Less explored within this massive work is the distinct artistic contribution of each of these many individuals. Thanks to Nieszawer, we know that these artists were there, actively creating and exploring new subject matter and novel modes of painting, and we have enough information to begin to track the visual legacy they left behind. Yet their unique contribution and even why it is unique, save the obvious feature of its common immigrant heritage, remains relatively unexplored. Accordingly, while offering the reader so much, this work stops short of answering questions that continue to tantalize. Nieszawer takes a stab in this direction in her introductory text, where she outlines the general shape of the lives of these immigrant artists. She describes the various waves of immigration, the cafés they most usually frequented, the section of Paris (Montparnasse) where most congregated, and La Ruche, an artist’s residence on the southern edge of Montparnasse near the old Vaugirard slaughterhouses, where many set up their studios.

However, as with the individual entries that follow, most of the material in this introductory text has been previously documented. In fact, for the most part, it repeats that first presented in conjunction with “The Circle of Montparnasse” exhibition at the Jewish Museum in New York in 1985. That Nieszawer was familiar with this exhibition is apparent from her adoption of its format for the artists’ entries, and it is quite obvious that the text she offers was inspired by material culled from the various essays in the 1985 exhibition catalogue. This is no surprise as that source is still considered one of the best on the period. Yet the similarities between the two end there. Nieszawer makes no effort to explore the communalities within the works of these artists, nor address the obvious questions regarding whether and how their Jewish heritage affected their oeuvres, issues that were explored in the context of that exhibition. In his catalogue essay, Arthur A. Cohen could not help but ask: “What is the nature and dimension of Jewish art? Indeed, does it exist at all?,” but Nieszawer barely broaches the subject.

In the shadow of this now decades old, but still considerable contribution to our knowledge of the School of Paris, Nieszawer’s introductory text fades in significance, offering very little enlightenment. Even the brief descriptions of some of the dealers who supported these artists, a subject no doubt near and dear to her own interests, seems thin and insubstantial. Perhaps, having completed the gargantuan task of collecting data (to reiterate, a significant effort), she will now have time to devote a study to the specific experience of these dealers when confronted with this new influx of artistic oeuvre from immigrant sources. There is no question that she has a wealth of information at her fingertips and could, in this way, provide yet one more crucial piece of what still remains a puzzle.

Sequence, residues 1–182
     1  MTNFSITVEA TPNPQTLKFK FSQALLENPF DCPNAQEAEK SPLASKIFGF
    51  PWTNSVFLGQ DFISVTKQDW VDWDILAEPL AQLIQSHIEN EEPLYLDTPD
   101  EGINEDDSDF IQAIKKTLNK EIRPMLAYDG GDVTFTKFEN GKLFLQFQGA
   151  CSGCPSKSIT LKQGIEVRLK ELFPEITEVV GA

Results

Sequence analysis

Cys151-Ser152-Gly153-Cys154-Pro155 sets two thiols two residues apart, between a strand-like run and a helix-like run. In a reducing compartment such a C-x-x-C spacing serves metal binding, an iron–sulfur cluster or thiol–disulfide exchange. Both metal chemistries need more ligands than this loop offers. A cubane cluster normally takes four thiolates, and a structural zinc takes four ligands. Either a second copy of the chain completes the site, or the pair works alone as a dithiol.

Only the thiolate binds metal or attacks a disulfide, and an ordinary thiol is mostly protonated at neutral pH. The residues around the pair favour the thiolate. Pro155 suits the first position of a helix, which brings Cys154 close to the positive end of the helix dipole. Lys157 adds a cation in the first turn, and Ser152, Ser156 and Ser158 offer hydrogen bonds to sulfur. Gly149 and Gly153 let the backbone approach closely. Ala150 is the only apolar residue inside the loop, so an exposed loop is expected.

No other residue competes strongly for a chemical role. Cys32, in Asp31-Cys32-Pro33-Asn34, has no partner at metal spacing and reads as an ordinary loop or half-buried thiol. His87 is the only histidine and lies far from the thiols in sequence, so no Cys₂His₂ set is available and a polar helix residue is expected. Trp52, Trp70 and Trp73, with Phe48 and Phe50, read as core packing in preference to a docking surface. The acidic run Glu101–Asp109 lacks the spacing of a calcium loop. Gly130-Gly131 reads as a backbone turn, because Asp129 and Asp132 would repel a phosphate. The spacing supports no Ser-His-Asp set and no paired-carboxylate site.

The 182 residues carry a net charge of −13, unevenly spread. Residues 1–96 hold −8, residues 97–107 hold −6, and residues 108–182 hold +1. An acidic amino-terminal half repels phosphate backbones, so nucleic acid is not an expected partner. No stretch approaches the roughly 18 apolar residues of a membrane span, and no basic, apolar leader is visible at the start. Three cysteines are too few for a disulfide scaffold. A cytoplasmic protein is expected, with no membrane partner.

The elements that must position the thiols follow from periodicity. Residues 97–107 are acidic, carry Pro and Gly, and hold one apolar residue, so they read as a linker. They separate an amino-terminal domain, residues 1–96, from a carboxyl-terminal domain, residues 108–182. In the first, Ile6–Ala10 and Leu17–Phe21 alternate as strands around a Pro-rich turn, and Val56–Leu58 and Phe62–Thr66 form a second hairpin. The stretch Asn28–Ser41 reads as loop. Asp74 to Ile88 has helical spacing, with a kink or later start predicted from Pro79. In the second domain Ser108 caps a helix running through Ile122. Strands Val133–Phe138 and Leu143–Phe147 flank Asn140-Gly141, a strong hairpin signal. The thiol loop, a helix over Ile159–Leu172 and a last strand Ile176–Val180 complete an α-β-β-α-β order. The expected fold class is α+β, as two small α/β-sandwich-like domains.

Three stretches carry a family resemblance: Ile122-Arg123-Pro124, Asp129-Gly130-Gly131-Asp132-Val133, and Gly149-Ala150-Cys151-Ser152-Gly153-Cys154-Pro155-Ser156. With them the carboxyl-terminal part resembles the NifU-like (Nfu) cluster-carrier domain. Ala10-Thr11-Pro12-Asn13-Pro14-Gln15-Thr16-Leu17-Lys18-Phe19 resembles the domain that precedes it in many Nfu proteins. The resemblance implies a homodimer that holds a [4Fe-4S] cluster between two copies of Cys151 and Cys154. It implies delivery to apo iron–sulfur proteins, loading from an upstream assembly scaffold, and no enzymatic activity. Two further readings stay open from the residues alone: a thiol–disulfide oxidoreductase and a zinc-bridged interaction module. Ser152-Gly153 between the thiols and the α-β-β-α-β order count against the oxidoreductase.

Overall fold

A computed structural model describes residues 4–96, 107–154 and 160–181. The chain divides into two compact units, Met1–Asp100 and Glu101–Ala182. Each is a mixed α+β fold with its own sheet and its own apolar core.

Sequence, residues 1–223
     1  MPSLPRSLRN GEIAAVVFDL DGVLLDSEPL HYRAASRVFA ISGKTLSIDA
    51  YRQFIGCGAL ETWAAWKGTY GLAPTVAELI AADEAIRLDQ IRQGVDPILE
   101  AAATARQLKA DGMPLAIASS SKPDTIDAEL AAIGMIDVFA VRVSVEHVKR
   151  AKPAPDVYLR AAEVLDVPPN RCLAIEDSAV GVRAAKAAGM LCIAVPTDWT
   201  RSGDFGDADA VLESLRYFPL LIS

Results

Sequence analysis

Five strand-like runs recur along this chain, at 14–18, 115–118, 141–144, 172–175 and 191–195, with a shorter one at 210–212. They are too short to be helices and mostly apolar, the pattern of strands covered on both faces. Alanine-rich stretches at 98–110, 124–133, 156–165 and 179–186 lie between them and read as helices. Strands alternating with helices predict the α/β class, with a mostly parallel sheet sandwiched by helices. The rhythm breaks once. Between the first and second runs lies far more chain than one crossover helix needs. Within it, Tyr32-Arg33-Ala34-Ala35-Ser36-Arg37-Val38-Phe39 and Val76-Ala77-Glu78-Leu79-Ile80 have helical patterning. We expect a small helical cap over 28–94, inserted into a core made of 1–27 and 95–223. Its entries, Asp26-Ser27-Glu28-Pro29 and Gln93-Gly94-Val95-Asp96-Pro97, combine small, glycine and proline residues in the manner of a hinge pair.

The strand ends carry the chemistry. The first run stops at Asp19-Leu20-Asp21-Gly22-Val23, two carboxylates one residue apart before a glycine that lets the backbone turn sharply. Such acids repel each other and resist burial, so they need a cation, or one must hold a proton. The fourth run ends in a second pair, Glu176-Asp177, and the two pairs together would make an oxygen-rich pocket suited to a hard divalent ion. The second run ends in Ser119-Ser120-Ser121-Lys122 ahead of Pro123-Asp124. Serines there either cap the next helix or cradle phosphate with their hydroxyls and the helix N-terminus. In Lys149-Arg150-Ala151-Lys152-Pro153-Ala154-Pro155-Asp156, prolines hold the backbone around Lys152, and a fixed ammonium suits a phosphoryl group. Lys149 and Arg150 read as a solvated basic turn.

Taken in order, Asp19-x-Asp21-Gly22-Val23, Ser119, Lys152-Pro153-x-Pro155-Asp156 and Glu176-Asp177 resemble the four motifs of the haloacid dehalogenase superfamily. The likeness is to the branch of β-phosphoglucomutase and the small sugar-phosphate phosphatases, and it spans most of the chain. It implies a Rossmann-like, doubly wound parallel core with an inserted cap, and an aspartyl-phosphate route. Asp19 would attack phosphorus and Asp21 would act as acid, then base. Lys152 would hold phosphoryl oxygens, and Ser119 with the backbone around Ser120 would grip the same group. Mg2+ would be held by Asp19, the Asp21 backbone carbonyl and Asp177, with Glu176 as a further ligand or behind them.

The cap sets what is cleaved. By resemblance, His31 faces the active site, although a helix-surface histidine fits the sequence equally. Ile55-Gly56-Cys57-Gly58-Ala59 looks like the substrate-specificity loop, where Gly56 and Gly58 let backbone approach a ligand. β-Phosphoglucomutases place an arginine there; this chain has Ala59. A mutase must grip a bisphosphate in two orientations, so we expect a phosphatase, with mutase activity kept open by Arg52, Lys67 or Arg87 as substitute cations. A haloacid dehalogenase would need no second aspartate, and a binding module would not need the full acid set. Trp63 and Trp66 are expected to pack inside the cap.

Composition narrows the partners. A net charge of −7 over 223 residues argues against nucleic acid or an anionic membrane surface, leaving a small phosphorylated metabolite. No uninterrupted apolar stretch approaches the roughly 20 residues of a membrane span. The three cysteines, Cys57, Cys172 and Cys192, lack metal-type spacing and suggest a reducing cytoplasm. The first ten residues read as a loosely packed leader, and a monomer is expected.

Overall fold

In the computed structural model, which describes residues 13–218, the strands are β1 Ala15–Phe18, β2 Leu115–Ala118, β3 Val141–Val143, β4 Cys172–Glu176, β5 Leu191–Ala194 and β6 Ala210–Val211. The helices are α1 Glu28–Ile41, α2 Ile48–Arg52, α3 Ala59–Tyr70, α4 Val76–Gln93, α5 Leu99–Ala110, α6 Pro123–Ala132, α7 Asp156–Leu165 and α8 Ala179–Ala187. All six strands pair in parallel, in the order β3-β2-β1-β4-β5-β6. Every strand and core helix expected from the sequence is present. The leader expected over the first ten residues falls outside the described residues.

Although the bibliography of sources in this second edition is extensive and updated, including the spate of recent exhibitions on the subject in such far-ranging places as Budapest, Paris, Pontoise, Moscow, Belarus, Haifa, London, and New York, it is presented in a rather confusing way as an addendum, separated from the bibliographies attached to the individual artists’ entries. Further frustrating its utility is the awkward manner in which the listings in this addendum are grouped by artist, causing repetitive citations (as the same sources are relevant for many of them), and the occasional misattribution. These formal issues are compounded by a more substantive one. As in the case of the introductory text and the artist entries, this extensive bibliography does not delve into the wealth of recent research devoted to comprehending the artistic contributions of these figures. Significant sources are missing, including, Rose-Carol Washton Long, Matthew Baigell and Milly Heyd, eds., Jewish Dimensions in Modern Visual Culture: Antisemitism, Assimilation, Affirmation (Brandeis Waltham, Mass.: University Press, 2010), and Matthew Baigell and Milly Heyd, eds., Complex Identities: Jewish Consciousness and Modern Art (New Brunswick: Rutgers University Press, 2001). Without substantive sources such as these, this book does not succeed in guiding the reader toward further, in-depth, study.

Nieszawer’s expertise on the subject of early-twentieth-century Jewish art was officially recognized by the Experts French Union (UFE) in 2001; at present, she is an active art dealer in Paris and the specialist in Jewish art of the School of Paris for the Parisian art auction house Artcurial. Her son, third-generation art dealer Boris Princ, was intimately involved in the preparation of this second edition, and his wife, Deborah, translated all the texts originally included in the first edition into English. Despite the drawbacks noted above, Artistes Juifs de l’École de Paris 1905–1939, truly a family affair, is an impressive and important addition to the literature on the subject, and academics owe a debt of gratitude to Nadine Nieszawer for her part in reawakening our awareness of the significant contribution of Jewish artists to the School of Paris. The future application of an academic analysis to this valuable source material, one assessing the contribution of Jewish immigrants to modern art, will no doubt secure its place as an essential resource on the subject.